The last thing you want to see when you leave the house is your home getting rusted from rust and falling apart from neglect.
That’s why the American Civil Liberties Union of California and the Institute for Public Affairs Research, in conjunction with the U.S. Department of Housing and Urban Development, has teamed up with a team of archaeologists to identify historic antiques from around the world that may help protect the homes of future generations.
The researchers will be visiting sites across the country to examine antique and modern homes from around Asia and Africa and use historical documentation to show how these homes were constructed.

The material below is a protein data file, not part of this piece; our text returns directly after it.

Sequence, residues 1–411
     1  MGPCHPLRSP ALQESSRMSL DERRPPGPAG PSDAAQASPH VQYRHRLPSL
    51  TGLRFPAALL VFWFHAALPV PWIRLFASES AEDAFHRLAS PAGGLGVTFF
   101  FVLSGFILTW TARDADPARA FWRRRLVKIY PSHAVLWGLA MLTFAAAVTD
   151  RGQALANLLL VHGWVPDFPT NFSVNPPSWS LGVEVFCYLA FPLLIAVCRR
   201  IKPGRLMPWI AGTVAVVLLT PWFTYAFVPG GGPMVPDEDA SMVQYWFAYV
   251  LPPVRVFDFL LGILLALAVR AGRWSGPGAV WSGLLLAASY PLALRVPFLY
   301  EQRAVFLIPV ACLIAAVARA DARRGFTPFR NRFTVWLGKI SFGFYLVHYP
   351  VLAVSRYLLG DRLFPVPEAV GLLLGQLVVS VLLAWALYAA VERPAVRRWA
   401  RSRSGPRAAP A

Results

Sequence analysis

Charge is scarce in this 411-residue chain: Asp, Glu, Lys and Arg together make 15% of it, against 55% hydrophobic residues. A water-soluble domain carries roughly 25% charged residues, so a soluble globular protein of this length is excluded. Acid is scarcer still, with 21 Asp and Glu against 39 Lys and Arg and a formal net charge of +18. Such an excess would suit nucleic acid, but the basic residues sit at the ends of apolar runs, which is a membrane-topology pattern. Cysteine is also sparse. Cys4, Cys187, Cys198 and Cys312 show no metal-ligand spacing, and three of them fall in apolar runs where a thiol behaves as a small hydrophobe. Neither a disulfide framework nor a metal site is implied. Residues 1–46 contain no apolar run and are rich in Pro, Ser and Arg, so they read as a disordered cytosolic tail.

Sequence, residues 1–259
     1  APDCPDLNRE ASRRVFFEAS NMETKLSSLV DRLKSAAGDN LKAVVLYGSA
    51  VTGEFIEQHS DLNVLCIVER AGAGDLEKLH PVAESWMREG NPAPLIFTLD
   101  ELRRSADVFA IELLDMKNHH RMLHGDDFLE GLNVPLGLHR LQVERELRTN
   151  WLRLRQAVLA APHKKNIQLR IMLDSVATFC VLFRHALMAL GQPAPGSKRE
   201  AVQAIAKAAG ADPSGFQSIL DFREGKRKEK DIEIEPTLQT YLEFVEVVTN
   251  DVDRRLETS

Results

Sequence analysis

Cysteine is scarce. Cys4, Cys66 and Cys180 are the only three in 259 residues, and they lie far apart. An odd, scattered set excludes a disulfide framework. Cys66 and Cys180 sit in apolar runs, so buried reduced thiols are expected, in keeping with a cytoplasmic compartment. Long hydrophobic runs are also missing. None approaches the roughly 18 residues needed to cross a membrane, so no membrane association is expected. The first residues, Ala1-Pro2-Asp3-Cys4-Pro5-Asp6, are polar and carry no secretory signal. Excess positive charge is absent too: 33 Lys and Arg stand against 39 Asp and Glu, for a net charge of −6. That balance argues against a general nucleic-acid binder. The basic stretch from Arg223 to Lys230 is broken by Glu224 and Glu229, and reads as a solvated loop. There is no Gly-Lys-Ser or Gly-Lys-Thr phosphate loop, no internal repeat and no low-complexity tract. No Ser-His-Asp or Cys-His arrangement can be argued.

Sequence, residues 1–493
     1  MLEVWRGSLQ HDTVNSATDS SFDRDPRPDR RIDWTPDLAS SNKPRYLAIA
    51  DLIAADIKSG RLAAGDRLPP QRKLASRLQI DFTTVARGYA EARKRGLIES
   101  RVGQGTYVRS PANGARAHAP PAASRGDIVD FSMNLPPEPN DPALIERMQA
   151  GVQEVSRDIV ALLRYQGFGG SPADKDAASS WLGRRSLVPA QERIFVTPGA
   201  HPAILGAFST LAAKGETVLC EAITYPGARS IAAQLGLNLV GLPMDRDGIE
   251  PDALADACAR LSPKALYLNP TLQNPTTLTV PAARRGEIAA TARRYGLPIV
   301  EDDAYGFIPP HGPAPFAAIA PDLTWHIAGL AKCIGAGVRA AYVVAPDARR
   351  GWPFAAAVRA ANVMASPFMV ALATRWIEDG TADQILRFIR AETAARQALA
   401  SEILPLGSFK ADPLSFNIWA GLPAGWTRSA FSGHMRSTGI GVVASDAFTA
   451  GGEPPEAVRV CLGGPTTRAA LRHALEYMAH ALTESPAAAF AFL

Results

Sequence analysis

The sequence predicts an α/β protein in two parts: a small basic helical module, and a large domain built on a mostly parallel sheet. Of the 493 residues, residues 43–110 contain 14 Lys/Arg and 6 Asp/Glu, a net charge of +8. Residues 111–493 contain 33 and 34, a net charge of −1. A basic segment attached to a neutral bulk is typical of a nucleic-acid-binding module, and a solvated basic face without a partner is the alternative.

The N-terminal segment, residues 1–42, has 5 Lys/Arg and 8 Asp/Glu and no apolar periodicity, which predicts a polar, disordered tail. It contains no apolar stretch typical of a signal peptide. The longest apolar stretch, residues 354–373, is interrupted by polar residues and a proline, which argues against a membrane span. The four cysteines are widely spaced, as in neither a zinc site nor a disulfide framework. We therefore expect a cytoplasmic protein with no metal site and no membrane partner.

The team will also conduct research on how they were used in various countries and in various eras.
They’ll look for evidence of architectural patterns, like what’s called a ‘bulk of antiques’ — the homes that were built as a single building — and they’ll also look for patterns like how the homes are arranged and decorated, like how many people lived in them and how they are decorated.
The findings will also help the government understand how old these homes may have been and whether the homes were built properly.
“The purpose of this research is to provide information about antiques that have historically been used in homes across the world,” said Rebecca Pfeiffer, an archaeologist at the Department of Humanities and Social Sciences at the University of California, Berkeley, who is part of the team.
“We’re hoping to use this information to educate the public about the history of these historic structures.”
This study was funded by the Department, National Science Foundation and the Department’s Bureau of Archaeological Research and Preservation.